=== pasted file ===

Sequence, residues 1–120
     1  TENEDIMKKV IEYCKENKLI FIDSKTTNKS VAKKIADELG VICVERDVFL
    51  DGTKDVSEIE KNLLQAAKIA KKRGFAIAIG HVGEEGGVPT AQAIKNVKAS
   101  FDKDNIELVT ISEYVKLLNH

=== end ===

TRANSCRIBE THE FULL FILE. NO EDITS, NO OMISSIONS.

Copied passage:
Sequence, residues 1–120
     1  TENEDIMKKV IEYCKENKLI FIDSKTTNKS VAKKIADELG VICVERDVFL
    51  DGTKDVSEIE KNLLQAAKIA KKRGFAIAIG HVGEEGGVPT AQAIKNVKAS
   101  FDKDNIELVT ISEYVKLLNH